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Thread: Minimalism is the new monasticism?

  1. #1
    Senior Member Ultralight's Avatar
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    Minimalism is the new monasticism?

    I was thinking that, in a secular world where monks' cloisters are rare... exceedingly rare, those with a monk's or a nun's spiritual urge or mentality might "convert" to minimalism.

    Thoughts?

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    Senior Member Ultralight's Avatar
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    It is actually this gal that made me think of this...


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    Senior Member catherine's Avatar
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    An interesting question to me, since one of my earliest aspirations was to be a nun, and to this day my most admired spiritual leaders or those of the ascetic kind...Buddha, St. Francis, Peace Pilgrim.

    But your question suggests that minimalism may replace spirituality and that minimalism alone would be enough to satisfy an urge for a monk's life. I'm not sure that's the case, at least for me.

    I do think there's an inherent truth to your question though--that the purgation advised by many spiritual leaders manifests itself both spiritually and materially--they kind of go hand in hand. In my very humble case, because I never made it to the convent, I do have urges for material simplicity, which is why I find my new home many steps closer to that than my former home.

    One of my favorite books is "Poustinia" by Catherine Dougherty. The definition of the Russian word "poustinia" is "a small sparsely furnished cabin or room where a person goes to pray and fast alone in the presence of God. The word poustinia has its origin in the Russian word for desert (пустыня)." I love the idea of that kind of stripped down simplicity (minimalism).

    But, again, I don't think minimalism is a spiritual end in itself. I think some mystics would say that when the urge for a relationship with God is strong, the desire becomes to clear the path to God as much as possible.
    "Do any human beings ever realize life while they live it--every, every minute?" Emily Webb, Our Town
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    Today I had a small to do list that involved running a few errands. As the morning unfolded I found solutions to each of the needs represented by those errands, and in the end I didnít even have to leave the house. To me this is a spiritual experience because it simplified my life and it saved some additional stressors on our planet.

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    When I first read the topic, my first thought was that minimalism isn't the new monasticism, but rather monasticism is the old minimalism.

    I like how catherine put it "I don't think minimalism is a spiritual end in itself. I think some mystics would say that when the urge for a relationship with God is strong, the desire becomes to clear the path to God as much as possible.". I agree that when someone finds something of importance to themselves, everything else will tend to fall by the wayside. When that something is non-material, I would think that the obtaining of stuff is not important, which results in less stuff, hence, minimalism.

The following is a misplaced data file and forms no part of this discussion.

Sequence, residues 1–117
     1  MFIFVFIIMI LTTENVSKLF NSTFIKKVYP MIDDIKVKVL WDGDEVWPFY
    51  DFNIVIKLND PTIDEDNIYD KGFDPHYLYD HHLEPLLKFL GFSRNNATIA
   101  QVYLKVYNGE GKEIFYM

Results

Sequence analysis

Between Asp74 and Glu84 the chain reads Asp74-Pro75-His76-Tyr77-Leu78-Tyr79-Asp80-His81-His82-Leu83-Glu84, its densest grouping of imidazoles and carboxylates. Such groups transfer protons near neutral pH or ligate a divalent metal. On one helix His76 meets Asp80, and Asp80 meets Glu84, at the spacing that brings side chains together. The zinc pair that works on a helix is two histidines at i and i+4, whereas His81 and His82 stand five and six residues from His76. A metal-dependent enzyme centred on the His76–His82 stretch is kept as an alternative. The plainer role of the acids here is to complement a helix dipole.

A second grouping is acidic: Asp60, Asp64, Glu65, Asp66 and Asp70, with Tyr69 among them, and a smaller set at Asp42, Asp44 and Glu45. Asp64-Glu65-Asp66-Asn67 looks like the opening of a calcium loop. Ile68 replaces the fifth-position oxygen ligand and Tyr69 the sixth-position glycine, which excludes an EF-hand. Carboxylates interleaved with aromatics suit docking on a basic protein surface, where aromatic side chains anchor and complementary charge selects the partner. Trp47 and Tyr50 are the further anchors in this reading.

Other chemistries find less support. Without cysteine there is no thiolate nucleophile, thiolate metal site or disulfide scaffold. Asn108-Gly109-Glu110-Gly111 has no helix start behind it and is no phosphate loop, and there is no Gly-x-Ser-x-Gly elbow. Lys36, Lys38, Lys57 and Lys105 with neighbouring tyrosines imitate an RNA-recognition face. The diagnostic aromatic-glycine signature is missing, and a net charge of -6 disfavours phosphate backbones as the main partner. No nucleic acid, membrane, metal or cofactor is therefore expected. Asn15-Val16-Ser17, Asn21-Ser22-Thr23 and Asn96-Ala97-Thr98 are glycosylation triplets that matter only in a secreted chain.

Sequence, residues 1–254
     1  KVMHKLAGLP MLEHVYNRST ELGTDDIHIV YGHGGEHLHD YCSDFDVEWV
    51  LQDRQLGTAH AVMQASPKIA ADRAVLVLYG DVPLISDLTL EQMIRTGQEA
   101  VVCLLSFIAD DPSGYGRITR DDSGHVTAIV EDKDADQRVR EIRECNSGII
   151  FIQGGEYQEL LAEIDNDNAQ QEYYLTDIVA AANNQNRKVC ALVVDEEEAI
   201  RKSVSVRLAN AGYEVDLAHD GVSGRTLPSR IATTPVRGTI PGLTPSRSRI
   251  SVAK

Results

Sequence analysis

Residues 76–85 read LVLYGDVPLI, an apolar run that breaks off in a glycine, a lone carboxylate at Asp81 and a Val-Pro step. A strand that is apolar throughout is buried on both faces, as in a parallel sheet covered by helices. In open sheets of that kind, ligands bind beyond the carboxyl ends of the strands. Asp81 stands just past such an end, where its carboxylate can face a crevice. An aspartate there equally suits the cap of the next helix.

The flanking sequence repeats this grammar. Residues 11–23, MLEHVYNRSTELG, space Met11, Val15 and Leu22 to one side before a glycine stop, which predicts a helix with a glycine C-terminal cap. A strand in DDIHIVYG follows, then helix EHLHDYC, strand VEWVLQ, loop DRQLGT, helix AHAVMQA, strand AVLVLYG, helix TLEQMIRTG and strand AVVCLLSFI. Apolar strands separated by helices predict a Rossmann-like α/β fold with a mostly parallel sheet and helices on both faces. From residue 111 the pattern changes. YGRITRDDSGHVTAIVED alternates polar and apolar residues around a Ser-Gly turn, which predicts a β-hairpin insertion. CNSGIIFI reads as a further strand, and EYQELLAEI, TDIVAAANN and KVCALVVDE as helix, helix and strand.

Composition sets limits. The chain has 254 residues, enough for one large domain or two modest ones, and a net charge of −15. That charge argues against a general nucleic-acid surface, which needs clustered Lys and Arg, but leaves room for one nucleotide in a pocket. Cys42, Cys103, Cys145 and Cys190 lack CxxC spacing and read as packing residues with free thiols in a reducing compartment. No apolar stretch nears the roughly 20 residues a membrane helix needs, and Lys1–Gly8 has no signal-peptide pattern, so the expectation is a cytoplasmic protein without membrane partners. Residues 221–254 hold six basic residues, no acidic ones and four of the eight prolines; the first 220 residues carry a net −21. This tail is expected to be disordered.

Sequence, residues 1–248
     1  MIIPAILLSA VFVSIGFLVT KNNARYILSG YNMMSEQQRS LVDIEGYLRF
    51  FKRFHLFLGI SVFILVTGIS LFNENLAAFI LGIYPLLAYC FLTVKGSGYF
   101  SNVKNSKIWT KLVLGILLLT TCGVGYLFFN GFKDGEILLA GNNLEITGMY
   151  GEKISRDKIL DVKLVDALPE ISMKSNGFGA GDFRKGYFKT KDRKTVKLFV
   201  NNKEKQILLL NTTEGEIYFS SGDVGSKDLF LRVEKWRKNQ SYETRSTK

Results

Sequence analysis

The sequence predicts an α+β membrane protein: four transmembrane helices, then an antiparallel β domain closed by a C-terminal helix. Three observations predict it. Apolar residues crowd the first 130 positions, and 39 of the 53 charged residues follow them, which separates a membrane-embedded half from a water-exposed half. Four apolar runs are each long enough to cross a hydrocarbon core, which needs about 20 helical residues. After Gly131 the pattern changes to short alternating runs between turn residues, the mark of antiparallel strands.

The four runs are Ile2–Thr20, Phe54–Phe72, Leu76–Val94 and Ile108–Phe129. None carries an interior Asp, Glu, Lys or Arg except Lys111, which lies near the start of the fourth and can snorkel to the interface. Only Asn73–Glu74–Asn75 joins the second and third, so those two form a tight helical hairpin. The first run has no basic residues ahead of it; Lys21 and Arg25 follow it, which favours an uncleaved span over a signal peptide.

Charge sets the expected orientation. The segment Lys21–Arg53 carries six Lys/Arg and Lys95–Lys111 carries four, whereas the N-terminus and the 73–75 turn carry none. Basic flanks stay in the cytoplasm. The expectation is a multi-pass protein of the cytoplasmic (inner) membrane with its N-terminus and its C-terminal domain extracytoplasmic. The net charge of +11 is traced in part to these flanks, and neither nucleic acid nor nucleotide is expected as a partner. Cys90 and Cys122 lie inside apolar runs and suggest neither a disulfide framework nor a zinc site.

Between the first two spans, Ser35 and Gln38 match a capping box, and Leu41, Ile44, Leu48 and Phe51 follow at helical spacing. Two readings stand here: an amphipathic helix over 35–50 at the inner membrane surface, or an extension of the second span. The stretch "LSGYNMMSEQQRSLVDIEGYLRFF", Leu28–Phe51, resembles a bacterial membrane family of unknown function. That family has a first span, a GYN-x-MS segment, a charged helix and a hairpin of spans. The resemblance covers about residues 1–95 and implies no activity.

While I think there are many perspectives to approach this topic and I may have to think on it more before attempting anything further.

    Interesting question!!!
    To the world you may be one person, but to one person you may be the world. - Anon.

    Be nice whenever possible. It's always possible. - Dalai Lama

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    I first of all don't think anything is new, but in the spirit of it I will say that is exactly my minimalism. I could work harder and get stuff and take care of stuff, but instead I choose to stay super simple and do more meditation, take time for retreat and make those things a priority. Although there are a lot of circumstances, it has been a conscious choice over the years. I don't think I care enough about money to collect a lot of it (and I read an article about people with my diagnoses having a fear of money, I definitely do based on how many times I have messed it up).

    Anyway, yes. A lot of people I know in the Buddhist world live quite simply and it is connected to the focus on spiritual matters.

  7. #7
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    Quote Originally Posted by Ultralight View Post
    It is actually this gal that made me think of this...

    This is interesting, I like that she spends time talking about how this works for her. I know my work and life style would not support such a small wardrobe. Also my climate! I wonder what type of work people do that they can wear the same basic outfit all the time. I need a week worth of any season, which changes quite often here.

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    Senior Member Teacher Terry's Avatar
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    We have 4 seasons although mild so need more clothes. Plus I don’t want to wash all the time.

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